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PHOENIX -- A proposal that could force able-bodied Medicaid recipients to get a job and limit some to a maximum of 5 years of insurance is on its way to Gov. Jan Brewer for consideration after the House gave final approval to Republican House Speaker Andy Tobin's bill on Thursday.

House Bill 2367 requires the state's Medicaid program to apply for a waiver from federal regulators every year to allow it to impose the new rules. Federal officials at the Centers for Medicare and Medicaid Services reiterated Thursday that the work-rule and time-limit proposals may not be approved because they likely run counter to Medicaid's laws and regulations. Tobin, however, has said he believes Medicaid's position could change.

Tobin's bill also imposes copays on unneeded ambulance and emergency room use. He has said the rules are needed to protect the state from excess expenses. Democrats argue they would limit the effectiveness of the health system for poor Arizonans.

The bill passed both the Senate and the House on party-line votes, with majority Republicans in support and Democrats opposed.

There was little discussion during the final vote Thursday.

As originally introduced in February, the bill would have a hard limit of five years for anyone getting Medicaid. After an outcry from Democrats over its effect on the working poor, Tobin changed that provision and it now only affects people who are able-bodied and don't work. He also added exemptions for pregnant women, those on disability and those caring for young children.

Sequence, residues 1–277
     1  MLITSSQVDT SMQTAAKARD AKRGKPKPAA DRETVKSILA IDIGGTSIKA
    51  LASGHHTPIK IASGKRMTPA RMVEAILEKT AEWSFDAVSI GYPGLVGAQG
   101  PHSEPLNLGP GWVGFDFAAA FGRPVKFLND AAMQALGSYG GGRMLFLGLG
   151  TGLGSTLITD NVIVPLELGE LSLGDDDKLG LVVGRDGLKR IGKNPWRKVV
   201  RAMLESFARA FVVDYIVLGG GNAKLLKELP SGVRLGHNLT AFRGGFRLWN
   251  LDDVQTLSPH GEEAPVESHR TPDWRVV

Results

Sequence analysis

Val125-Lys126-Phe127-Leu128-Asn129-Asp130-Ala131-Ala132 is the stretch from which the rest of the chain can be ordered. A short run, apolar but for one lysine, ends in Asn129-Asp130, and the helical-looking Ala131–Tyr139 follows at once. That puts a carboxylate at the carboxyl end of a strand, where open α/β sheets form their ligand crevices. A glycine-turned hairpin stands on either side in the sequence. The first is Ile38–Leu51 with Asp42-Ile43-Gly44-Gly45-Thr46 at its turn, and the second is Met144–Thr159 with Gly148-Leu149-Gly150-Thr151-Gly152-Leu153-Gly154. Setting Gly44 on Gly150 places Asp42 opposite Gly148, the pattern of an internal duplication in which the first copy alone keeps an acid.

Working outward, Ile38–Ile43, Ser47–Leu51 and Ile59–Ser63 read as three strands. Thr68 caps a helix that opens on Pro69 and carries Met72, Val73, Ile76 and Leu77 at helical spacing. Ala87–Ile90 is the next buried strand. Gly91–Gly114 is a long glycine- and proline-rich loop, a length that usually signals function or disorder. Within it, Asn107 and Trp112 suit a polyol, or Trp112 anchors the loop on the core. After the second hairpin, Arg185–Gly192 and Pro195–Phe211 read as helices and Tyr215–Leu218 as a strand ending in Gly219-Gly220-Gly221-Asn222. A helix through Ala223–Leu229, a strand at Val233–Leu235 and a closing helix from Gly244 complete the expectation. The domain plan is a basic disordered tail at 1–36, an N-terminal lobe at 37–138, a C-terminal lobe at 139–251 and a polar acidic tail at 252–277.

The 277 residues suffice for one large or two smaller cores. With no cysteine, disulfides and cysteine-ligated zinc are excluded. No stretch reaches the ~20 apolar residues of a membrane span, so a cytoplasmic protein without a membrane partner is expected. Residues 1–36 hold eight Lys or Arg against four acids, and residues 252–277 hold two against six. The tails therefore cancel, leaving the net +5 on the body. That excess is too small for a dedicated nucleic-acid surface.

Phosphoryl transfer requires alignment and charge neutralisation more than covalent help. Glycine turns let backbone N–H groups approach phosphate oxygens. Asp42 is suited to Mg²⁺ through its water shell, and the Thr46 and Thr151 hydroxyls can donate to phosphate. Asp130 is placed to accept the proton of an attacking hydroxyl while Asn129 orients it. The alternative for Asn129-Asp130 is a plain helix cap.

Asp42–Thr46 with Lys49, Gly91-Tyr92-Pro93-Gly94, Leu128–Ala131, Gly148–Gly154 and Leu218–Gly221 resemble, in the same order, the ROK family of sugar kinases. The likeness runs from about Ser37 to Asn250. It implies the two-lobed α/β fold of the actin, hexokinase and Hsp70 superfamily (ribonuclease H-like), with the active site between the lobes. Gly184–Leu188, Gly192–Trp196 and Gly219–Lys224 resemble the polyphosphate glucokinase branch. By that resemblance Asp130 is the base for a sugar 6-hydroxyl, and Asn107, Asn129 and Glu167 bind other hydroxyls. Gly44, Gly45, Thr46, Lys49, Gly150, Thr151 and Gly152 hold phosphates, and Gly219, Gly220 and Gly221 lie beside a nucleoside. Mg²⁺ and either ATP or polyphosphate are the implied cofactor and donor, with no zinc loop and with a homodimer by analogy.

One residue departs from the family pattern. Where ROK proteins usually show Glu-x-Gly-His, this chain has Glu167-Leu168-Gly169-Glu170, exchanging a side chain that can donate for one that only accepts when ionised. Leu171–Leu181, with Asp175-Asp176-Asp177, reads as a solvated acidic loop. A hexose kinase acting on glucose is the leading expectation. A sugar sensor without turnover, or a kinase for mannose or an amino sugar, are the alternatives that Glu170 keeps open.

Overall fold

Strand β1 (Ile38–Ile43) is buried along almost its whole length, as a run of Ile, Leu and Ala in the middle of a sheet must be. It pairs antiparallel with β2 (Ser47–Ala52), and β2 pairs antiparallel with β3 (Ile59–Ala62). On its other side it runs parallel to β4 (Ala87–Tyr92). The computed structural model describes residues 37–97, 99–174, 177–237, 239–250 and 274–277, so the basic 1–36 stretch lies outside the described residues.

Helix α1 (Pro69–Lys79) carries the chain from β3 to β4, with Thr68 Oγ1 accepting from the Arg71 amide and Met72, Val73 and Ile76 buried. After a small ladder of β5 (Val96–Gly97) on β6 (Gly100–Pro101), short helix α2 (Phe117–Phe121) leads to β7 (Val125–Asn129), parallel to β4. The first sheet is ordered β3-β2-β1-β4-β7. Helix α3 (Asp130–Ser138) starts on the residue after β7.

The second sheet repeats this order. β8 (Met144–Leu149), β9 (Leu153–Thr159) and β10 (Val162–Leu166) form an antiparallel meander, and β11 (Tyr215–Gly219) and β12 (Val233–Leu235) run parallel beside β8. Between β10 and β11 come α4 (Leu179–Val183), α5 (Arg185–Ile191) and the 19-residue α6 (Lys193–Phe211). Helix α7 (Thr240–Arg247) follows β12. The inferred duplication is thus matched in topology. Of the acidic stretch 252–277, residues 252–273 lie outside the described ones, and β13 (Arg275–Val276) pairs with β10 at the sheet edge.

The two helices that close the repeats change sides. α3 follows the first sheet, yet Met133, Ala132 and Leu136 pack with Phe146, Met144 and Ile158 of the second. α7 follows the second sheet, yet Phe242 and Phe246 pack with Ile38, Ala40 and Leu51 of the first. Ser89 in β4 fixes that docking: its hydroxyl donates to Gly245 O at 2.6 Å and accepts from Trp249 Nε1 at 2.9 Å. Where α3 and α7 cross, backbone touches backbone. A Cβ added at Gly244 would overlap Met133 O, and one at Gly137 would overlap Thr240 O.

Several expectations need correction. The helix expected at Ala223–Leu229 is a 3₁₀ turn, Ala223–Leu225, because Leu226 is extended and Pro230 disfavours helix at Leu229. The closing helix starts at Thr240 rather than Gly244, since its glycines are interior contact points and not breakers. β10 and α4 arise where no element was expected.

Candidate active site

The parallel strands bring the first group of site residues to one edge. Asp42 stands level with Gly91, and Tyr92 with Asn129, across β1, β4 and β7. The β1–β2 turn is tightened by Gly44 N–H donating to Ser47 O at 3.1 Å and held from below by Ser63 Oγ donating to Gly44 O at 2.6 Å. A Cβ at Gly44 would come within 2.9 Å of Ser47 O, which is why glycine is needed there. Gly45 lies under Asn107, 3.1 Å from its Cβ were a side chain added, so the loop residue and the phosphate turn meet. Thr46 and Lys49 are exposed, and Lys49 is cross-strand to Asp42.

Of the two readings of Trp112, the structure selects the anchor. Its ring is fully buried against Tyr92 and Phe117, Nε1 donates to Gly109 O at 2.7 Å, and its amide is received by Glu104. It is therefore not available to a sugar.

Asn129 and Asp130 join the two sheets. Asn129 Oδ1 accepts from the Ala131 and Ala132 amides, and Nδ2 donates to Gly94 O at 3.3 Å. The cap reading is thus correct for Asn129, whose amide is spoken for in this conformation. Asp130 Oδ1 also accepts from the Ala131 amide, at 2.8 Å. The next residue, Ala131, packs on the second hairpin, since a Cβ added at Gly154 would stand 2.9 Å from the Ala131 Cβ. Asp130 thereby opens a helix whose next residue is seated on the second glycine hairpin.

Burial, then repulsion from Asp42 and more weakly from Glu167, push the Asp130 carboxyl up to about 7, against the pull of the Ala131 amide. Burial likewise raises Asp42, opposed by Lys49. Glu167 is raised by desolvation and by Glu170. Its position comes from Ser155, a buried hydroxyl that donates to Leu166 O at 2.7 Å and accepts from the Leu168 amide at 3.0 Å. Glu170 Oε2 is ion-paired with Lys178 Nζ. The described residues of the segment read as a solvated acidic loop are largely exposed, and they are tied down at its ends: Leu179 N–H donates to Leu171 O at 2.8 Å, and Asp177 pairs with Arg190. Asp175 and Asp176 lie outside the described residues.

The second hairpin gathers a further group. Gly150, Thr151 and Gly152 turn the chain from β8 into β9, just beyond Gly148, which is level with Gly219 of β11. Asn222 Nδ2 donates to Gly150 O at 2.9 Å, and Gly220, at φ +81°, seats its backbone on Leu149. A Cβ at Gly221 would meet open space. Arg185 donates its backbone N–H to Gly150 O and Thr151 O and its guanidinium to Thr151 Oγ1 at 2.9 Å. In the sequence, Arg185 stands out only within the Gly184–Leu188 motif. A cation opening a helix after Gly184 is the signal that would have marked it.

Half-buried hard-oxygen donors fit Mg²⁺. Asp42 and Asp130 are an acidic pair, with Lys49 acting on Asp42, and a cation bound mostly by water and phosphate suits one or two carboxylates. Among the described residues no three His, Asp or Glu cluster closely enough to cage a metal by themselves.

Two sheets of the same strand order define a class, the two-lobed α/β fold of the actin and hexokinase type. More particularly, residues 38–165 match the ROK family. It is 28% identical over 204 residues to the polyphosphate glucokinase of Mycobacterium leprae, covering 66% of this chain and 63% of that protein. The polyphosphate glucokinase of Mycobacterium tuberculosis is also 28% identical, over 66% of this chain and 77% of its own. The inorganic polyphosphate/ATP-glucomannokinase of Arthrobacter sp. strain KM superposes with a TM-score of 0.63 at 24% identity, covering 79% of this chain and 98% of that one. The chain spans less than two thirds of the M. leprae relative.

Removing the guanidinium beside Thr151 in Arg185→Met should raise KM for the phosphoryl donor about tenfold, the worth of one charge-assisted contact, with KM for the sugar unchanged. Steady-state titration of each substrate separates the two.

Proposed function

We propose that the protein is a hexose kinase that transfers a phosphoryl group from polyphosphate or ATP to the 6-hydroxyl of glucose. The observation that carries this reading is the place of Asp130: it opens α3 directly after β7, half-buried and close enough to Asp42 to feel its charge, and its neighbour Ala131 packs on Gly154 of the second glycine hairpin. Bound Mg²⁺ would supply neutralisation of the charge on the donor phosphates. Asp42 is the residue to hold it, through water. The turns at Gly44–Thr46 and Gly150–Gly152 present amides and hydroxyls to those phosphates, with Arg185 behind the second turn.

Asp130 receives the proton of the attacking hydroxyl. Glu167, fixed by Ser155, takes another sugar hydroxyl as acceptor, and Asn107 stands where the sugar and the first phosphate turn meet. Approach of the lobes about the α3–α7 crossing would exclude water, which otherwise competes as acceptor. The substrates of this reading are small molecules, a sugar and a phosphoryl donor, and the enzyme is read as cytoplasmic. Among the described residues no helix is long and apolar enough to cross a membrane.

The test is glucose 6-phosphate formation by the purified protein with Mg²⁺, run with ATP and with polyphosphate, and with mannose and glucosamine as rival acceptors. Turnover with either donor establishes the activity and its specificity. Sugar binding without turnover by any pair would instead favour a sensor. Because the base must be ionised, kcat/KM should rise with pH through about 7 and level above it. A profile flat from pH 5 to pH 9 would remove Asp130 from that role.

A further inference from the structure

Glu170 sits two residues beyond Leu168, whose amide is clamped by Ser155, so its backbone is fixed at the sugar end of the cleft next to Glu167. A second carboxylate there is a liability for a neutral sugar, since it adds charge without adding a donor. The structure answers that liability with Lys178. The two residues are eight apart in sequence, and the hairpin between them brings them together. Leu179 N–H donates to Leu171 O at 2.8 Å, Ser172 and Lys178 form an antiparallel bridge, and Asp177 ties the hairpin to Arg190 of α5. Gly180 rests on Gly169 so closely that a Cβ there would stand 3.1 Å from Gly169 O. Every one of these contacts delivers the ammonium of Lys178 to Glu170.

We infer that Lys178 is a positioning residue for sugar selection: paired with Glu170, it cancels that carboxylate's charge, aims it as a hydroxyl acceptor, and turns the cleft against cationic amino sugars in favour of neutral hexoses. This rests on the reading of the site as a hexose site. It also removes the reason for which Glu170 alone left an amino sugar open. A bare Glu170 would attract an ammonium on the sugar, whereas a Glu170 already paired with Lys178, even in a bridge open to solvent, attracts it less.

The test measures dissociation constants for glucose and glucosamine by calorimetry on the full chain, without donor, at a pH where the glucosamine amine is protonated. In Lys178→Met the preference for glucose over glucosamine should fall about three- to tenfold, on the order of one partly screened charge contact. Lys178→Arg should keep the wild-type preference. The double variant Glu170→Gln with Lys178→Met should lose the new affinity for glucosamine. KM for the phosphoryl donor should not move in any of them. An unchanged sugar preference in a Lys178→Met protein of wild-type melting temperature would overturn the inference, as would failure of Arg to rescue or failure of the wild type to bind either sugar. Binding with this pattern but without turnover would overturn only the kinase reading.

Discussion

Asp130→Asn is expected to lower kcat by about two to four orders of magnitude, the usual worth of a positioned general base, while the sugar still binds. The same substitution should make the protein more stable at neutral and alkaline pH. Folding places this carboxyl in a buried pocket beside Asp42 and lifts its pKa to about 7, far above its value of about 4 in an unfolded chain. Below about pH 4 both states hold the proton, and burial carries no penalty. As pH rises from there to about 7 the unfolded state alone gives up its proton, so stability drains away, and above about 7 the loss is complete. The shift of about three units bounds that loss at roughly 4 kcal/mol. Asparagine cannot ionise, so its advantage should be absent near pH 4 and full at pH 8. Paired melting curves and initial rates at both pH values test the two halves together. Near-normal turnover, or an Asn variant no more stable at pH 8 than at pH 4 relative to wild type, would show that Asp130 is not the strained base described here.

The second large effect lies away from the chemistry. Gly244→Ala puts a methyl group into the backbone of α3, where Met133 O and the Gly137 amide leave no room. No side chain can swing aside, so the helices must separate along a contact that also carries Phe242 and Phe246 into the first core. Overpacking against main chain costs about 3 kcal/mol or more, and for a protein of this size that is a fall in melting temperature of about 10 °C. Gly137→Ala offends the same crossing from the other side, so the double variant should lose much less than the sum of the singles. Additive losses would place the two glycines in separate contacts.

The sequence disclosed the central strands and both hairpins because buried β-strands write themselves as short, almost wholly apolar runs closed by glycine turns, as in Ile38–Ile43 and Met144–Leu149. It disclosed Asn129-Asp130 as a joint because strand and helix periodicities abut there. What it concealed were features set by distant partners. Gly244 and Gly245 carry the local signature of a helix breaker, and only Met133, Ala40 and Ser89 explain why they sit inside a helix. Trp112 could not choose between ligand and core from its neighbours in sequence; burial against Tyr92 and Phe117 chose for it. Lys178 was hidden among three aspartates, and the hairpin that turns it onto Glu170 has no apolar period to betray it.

Budget analysts estimate that more than 140,000 current Medicaid recipients would lose coverage.

Tobin, R-Paulden, said the federal opposition could change and the requirements give the state tools to cut enrollment if the government fails to fund the program as promised.

``Clearly, these dollars are going to end up on the backs of the states,'' he said last month. ``All we're doing is saying let's request every year the opportunity for some of these waivers.''

Tobin's proposal also includes a requirement for a copay for unnecessary visits to hospital emergency rooms or ambulance use. The federal government had been allowing Arizona to charge $30 copays for unnecessary emergency room visits, but that expired Dec. 31. Arizona is now asking federal officials for authority to charge $200 for such visits for newly eligible people on the state's Medicaid plan, called the Arizona Health Care Cost Containment System, or AHCCCS.

Rep. Eric Meyer, D-Paradise Valley, said Tobin was trying to limit the reach of the program and eventually remove them from eligibility. A Medicaid-expansion proposal pushed by Gov. Jan Brewer last year led to a fracture among fellow Republicans and an impasse she finally broke by calling a special legislative session.

An analysis of the bill's impact released Wednesday by the Legislature's budget analysts estimated that 141,000 current Medicaid recipients would lose coverage under Tobin's lifetime limit. That could save the state nearly $150 million a year. Only about half of the 440,000 able-bodied adults now getting insurance meet the work requirement. A total of more than 1.4 million Arizonans were enrolled in the state's health insurance plan for the poor as of April 1.

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Follow Bob Christie at http://twitter.com/APChristie

Associated Press,

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